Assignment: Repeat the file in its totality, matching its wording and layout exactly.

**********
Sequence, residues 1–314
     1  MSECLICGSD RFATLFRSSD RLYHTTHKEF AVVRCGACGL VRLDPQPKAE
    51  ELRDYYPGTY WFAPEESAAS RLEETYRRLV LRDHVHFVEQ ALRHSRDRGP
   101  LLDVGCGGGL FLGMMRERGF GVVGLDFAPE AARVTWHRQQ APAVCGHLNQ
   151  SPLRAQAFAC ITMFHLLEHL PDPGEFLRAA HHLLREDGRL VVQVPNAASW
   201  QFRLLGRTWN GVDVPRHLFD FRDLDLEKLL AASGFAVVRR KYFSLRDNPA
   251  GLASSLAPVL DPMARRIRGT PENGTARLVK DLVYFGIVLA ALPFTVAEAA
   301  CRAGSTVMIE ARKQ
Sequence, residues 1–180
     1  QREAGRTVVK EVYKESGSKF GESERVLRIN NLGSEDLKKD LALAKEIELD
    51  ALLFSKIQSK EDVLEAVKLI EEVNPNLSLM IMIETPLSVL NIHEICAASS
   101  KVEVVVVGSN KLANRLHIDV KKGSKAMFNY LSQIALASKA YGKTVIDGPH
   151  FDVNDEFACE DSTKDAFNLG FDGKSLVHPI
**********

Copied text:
Sequence, residues 1–314
     1  MSECLICGSD RFATLFRSSD RLYHTTHKEF AVVRCGACGL VRLDPQPKAE
    51  ELRDYYPGTY WFAPEESAAS RLEETYRRLV LRDHVHFVEQ ALRHSRDRGP
   101  LLDVGCGGGL FLGMMRERGF GVVGLDFAPE AARVTWHRQQ APAVCGHLNQ
   151  SPLRAQAFAC ITMFHLLEHL PDPGEFLRAA HHLLREDGRL VVQVPNAASW
   201  QFRLLGRTWN GVDVPRHLFD FRDLDLEKLL AASGFAVVRR KYFSLRDNPA
   251  GLASSLAPVL DPMARRIRGT PENGTARLVK DLVYFGIVLA ALPFTVAEAA
   301  CRAGSTVMIE ARKQ
Sequence, residues 1–180
     1  QREAGRTVVK EVYKESGSKF GESERVLRIN NLGSEDLKKD LALAKEIELD
    51  ALLFSKIQSK EDVLEAVKLI EEVNPNLSLM IMIETPLSVL NIHEICAASS
   101  KVEVVVVGSN KLANRLHIDV KKGSKAMFNY LSQIALASKA YGKTVIDGPH
   151  FDVNDEFACE DSTKDAFNLG FDGKSLVHPI